Brought to you by:
AXA XL
AXA XL

Clients will be hurt: Melbourne brokers face lockdown 2.0

Facebook Twitter LinkedIn Google

The six-week reintroduction of stage three restrictions in Melbourne is testing the resilience of general insurance brokers and their clients, and will slow the nation’s fledgling economic recovery.

The latest lockdown in parts of Victoria, which contributes a sizable 22% of the national economy, was revealed on Tuesday afternoon and took effect at midnight yesterday.

Many businesses have had to close again, including gyms, beauty salons and entertainment venues.

“The speed of the change has probably caught everyone a little bit off guard,” Scott Leis, Head of Broking at Insurance House, told insuranceNEWS.com.au.

“I have absolutely no doubt that some of our clients will be majorly impacted by this shutdown. It is certainly going to have a broader, long and ongoing impact. It will slow any sort of recovery down on a national level as well as a local level.”

Brokers agree hospitality, the arts, travel and tourism are hardest hit, and say the effects may be long term as fragile buyer confidence takes a hit.

They are also conscious that there is a lot of temporary stimulus in the economy and the “true impacts” of the pandemic won’t be exposed until that help fades.

“That is the uncertainty,” Mr Leis said. “I am not sure anyone really knows how this is going to play out and we have probably potentially not seen the full impacts of what that will mean.”

He says that with fewer people moving around, purchasing products and buying clothes and coffees, retail and services will struggle.

“As the pandemic lingers and then it is prolonged, the resilience of all of us will be tested, but particularly businesses which require us to be active,” he says. “For us it is a case of being really nimble.”

Insurance House, which employs about 80 at its offices in East Melbourne and specialises in SMEs, contacted every client as the pandemic first struck and Mr Leis says it is committed to staying connected and giving clients education and advice.

In the outer Melbourne suburb of Dandenong, new McLardy McShane South East joint venture partner Shane Brady says client enquiries went “through the roof” in March when the unprecedented lockdown measures were first introduced, but only a handful of clients have called this week.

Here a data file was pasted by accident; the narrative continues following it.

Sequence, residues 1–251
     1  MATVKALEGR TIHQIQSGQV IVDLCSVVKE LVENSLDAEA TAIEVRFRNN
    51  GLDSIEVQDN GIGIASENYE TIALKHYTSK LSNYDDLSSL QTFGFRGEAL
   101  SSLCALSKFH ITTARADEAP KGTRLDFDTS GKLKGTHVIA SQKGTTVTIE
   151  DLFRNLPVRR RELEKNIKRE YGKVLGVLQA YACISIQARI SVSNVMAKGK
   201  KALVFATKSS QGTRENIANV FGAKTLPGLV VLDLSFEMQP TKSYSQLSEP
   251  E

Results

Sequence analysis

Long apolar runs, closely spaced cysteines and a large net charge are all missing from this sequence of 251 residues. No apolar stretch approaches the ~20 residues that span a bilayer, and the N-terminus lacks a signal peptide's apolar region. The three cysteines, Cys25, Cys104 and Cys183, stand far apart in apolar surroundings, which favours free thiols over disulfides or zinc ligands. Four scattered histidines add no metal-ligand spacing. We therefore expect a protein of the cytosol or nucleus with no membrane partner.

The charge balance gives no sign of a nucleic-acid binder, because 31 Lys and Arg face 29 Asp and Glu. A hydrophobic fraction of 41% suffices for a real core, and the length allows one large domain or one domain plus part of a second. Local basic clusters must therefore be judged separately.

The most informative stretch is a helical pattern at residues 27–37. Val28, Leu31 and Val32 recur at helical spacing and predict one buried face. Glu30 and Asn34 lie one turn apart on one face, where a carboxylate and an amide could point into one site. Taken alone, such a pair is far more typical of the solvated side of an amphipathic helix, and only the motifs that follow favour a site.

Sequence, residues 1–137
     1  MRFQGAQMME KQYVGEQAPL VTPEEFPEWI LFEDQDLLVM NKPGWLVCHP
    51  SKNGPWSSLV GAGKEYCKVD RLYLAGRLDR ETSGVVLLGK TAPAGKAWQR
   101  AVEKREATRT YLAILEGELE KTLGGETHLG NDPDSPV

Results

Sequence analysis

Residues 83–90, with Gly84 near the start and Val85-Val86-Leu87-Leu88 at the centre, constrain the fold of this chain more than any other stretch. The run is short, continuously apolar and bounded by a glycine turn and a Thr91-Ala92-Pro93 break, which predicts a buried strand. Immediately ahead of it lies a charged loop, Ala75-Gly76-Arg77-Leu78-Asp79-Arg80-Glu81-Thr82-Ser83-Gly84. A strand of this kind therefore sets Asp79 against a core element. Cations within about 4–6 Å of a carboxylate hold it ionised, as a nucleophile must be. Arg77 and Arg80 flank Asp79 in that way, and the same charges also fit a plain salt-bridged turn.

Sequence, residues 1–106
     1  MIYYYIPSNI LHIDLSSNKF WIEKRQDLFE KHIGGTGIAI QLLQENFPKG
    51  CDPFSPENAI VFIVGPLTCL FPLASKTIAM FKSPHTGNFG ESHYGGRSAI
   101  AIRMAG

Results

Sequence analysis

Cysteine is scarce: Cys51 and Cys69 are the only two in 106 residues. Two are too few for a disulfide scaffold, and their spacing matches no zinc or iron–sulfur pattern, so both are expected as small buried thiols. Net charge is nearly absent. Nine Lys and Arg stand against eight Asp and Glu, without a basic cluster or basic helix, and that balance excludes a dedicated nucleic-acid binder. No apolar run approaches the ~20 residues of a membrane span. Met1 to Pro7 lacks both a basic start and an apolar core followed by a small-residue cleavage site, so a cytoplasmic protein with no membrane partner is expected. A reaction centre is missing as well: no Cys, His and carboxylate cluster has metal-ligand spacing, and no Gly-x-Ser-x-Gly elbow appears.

Most have involved upcoming renewals and checking that coverage previously arranged isn’t affected by the latest lockdown.

Mr Brady says many businesses won’t reopen as they are under so much financial pressure, and notes the crowds and business associated with sport – from local games to the huge crowds AFL bring to the city – has suffered.

“People forget there are a lot of different flow-on effects, from suppliers to caterers. I can’t see how we are going to avoid really severe impacts in hospitality and retail, in particular. They, more than just about everybody, are suffering really badly.“

Mr Brady says it “doesn’t take much to rock people’s confidence and the public tighten their belts and stop spending, and as soon as we do that there’s a lot of industries that really, really suffer”.

Working across several states with differing lockdown rules is another challenge for many brokers and creates uncertainty not just for business in Victoria but also for all accounts.

National Insurance Brokers Association CEO Dallas Booth says the Melbourne lockdown has the capacity to impact on broker’s businesses, and his members are taking it week by week, doing the best they can for each client transaction.

“We were all hoping the country would be preparing to loosen up,” he said. “For Victoria, that’s going to come to a stop again; it will all be deferred.”

Still, some brokers have reported increased levels of enquiries as a result of heightened risk awareness. Mr Brady says the crisis should also highlight the value of broker expertise.

“A lot of times in insurance we talk about the ‘ifs.’ Now some of these things we brokers have been saying for years might start to resonate.”